What It Really Feels Like to Be a Billionaire

Who doesn’t dream about being rich?

I’m certainly not afraid to admit I occasionally wonder how it would feel to be independently wealthy.

The other day I was reading an article on the world’s 200 richest people and stumbled upon a couple of surprising factoids.

The first surprise, was that the richest guy in the world is neither Bill Gates (#2) nor Warren Buffett (#4); it’s America Movil SAB Chairman Emeritus Carlos Slim, with a net worth of $77.5 billion.

Sandwiched between Gates and Buffett on the rich-guy list is somebody named Amancio Ortega. I know. I had never heard of him myself, but it turns out that Mr. Ortega is the founder of the world’s largest clothing retailer, Inditex SA. Ring a bell?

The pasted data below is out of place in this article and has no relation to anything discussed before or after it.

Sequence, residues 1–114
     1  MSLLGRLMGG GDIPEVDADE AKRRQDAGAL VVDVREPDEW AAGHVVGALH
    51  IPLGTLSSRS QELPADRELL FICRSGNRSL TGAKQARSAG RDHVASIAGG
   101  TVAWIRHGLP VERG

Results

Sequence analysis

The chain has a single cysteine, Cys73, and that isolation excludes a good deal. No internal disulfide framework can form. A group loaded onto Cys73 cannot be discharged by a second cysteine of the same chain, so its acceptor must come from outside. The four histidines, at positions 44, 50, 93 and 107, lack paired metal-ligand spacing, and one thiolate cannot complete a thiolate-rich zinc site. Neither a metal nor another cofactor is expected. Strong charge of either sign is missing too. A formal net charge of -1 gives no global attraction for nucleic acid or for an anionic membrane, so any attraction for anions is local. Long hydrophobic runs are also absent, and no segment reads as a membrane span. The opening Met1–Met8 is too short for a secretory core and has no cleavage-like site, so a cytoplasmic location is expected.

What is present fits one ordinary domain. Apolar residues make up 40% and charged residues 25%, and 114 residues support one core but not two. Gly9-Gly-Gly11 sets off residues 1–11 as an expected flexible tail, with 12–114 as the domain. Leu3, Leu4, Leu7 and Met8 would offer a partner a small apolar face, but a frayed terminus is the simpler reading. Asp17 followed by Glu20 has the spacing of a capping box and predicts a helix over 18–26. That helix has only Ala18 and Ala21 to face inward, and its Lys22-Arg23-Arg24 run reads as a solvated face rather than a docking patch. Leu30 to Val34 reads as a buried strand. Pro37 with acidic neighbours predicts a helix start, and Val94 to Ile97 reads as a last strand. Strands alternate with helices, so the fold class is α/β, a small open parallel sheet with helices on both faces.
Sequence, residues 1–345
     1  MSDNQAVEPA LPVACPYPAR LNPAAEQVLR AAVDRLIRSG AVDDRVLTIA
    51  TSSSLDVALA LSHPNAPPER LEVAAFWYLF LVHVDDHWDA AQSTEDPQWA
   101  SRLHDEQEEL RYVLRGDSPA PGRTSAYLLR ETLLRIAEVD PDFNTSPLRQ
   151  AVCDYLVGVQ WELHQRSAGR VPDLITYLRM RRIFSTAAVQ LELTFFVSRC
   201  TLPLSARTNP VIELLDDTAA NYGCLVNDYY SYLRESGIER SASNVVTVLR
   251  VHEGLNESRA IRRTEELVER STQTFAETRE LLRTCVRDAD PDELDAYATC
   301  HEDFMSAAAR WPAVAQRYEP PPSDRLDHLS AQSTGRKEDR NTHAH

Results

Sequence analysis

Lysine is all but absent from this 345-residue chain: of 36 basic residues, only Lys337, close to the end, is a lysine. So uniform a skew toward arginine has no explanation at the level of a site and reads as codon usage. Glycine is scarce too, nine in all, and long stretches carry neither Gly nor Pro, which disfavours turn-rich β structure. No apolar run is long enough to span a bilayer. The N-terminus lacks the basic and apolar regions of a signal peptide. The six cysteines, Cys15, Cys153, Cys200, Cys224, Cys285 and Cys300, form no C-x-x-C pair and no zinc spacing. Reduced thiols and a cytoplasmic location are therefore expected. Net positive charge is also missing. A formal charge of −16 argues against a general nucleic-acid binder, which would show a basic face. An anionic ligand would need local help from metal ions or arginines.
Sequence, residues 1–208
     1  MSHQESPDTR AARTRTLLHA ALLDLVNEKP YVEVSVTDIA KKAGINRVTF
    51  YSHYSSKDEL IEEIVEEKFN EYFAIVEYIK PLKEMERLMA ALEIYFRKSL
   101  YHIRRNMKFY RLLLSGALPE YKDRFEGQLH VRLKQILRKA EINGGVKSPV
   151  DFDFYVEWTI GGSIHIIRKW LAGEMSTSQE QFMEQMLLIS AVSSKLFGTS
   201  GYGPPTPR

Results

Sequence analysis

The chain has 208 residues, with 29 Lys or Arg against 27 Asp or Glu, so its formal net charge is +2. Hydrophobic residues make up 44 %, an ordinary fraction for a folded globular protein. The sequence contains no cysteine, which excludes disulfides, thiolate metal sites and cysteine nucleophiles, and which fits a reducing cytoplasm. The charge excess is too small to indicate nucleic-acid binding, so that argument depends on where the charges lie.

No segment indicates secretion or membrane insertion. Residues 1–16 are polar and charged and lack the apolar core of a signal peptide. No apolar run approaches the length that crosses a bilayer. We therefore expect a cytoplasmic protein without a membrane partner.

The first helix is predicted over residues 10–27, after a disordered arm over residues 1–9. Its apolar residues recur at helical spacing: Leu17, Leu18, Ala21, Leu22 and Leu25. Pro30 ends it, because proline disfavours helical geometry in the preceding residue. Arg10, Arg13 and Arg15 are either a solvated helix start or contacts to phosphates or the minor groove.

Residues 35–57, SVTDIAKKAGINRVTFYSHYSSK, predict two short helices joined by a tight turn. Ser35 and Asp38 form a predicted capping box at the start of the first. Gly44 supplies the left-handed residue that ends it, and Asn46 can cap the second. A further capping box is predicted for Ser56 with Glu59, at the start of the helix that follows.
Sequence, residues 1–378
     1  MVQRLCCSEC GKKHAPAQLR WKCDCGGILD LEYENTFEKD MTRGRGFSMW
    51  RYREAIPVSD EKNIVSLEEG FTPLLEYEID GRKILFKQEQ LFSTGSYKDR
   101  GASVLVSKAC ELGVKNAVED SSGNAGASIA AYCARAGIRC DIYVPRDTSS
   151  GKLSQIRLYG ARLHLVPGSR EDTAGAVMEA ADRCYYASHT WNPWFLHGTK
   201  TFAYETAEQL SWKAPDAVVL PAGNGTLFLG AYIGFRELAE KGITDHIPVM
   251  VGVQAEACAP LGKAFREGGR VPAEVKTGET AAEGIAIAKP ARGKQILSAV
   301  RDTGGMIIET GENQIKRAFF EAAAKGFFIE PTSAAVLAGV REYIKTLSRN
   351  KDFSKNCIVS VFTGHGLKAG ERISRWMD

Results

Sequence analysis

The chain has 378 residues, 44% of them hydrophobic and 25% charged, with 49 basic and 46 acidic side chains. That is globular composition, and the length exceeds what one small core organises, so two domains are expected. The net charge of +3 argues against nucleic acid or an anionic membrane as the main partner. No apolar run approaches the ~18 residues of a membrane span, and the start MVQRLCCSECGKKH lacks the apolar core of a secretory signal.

It didn’t for me.

By the way, did I mention that Inditex SA runs a very popular clothing chain known as Zara? They do. In fact, there are 1600 of them worldwide. Even so, I’d never heard of that store either.

I guess I really should get out more.

Anyway, that brings me to the second surprise. Apparently, Mr. Ortega earned a whopping $18 billion through the first nine months of 2012. For those of you counting at home, that comes out to approximately $66 million per day. I’ll repeat that. That comes out to approximately $66 million per day.

Assuming Mr. Ortega earned income at the same rate for the remainder of the year, that means he will have earned $24 billion in 2012.

Ever wonder what it would feel like to be a billionaire? Well, I’m going to show you!